• mahendra1 on April 25, 2017, 3:53 GMT

    What a nice little article written by Monga, It gives please as watching the match. Hats-off Mr Monga.

  • S.m. Tofazzel Hossain on April 24, 2017, 23:40 GMT

    A rare day in T20 cricket. Congratulations to KKR team.

  • SammySoSo on April 24, 2017, 16:33 GMT

    RCB has the strongest batting lineup in the planet. To see them implode like that goes to show that at the end of the day we are all human. Never has such a formidable lineup been bundled out for so little. Well done KKR. This will be in the record books for a very very long time.

  • shrastogi on April 24, 2017, 14:31 GMT

    From here it would be an uphill task for RCB to qualify. Not just single digit in scores even in balls only Gayle got to double figures. I think Gambhir's captaincy was spot on both in bowling options and in field placements but he was desperate to get wickets and RCB just played into his hands. I think though it was no batting fireworks the crowds thoroughly enjoyed KKR win which is a lesson for some other teams. There was something for bowlers but RCB batting was reckless and irresponsible. KKR currently certainly looks like a team who should qualify along with Mumbai. Sunrisers have relegated to third best from top and fourth slot is wide open. Even RCB!!!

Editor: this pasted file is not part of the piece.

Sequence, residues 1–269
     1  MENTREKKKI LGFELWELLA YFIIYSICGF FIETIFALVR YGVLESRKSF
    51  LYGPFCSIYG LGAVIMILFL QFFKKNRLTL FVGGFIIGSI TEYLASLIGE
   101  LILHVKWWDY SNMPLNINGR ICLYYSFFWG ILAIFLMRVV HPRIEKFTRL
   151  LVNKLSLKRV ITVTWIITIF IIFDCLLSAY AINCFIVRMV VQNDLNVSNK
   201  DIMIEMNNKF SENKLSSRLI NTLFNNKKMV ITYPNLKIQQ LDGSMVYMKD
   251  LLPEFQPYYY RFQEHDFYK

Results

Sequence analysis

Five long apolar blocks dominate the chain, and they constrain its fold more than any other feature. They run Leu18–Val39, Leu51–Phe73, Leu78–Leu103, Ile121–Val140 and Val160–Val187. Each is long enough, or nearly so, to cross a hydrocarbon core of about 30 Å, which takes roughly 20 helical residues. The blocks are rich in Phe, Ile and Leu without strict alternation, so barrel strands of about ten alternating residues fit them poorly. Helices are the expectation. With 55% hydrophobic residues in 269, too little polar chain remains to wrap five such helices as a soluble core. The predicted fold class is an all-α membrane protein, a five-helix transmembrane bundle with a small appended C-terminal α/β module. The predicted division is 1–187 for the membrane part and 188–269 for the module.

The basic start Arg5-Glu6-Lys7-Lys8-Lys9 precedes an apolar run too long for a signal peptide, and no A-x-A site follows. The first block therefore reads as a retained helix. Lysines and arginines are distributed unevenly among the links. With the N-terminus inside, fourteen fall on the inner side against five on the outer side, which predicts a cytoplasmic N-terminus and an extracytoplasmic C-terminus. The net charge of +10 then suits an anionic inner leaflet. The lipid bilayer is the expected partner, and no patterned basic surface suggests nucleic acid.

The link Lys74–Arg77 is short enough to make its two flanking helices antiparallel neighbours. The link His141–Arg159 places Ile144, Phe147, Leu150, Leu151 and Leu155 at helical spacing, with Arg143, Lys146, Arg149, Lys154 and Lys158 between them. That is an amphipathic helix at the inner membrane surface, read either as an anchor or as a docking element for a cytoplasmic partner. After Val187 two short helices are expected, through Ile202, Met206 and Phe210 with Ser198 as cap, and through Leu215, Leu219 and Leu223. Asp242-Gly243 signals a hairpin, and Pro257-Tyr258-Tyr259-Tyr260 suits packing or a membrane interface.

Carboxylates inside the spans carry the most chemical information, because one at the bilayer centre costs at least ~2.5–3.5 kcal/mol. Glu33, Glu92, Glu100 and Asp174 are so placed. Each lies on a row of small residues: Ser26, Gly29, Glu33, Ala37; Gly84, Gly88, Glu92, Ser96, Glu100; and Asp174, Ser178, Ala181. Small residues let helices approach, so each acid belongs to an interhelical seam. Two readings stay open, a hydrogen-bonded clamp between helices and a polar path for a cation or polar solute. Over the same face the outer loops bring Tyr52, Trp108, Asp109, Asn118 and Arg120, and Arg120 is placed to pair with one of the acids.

• kemukundarajanmukundarajan on April 24, 2017, 14:04 GMT

    Binny and Arvind will be warming the bench if they were in any other team. There is plenty of local talent avlbl and RCB let go Robin, Karun, & Mayank even though 9 IPL seasons hv passed. They should hv a batsman of the caliber of Badrinath to steady the ship when it hits a rock. Badri silently helped CSK sevaral times as a sheet anchor. A Pujara would hv been very helpful for RCB.

    The difference between Flemming and Vettori is quite evident.

  • Diesel_Loco_WDP4 on April 24, 2017, 13:59 GMT

    Bad bad batting from RCB, no doubt. But where it got embarrassing was when Kohli started blaming the sight screen for his failure to his pet aversion - the swinging ball outside off. Kohli might look majestic while he is aggressively putting bowlers away, but when there is a struggle, it is better to let the bat do the talking.

    For crying out loud, even Ponting was unusually silent in 2000-01 tour of India. He averaged a measly 3, but he preferred not to take his frustration on others. Not saying Ponting is an example, but surely Kohli can temper his aggression, and channel it in the right direction. Will help in the long run.

    One horrible match does not make Gayle or ABD horrible players, but now would be the time to look at some changes to the local 7 of the lineup.

    Kohli is too talented for him to lose form to silly reasons like over-aggression affecting his form. Talking Kohli please go away, and batting Kohli please come back.

  • serubhai on April 24, 2017, 13:35 GMT

    @ Sir_Ivor, Pls grow up and stop making inane comments. This is the same stadium but not the same pitch. Does a pitch remain the same over twenty years? That is downright ridiculous. I remember watching that WC game and both Jayasuria and Kalu were dismissed within the first ten overs. Then, Aravinda played a great knock. Stop making up conspiracy theories too, please!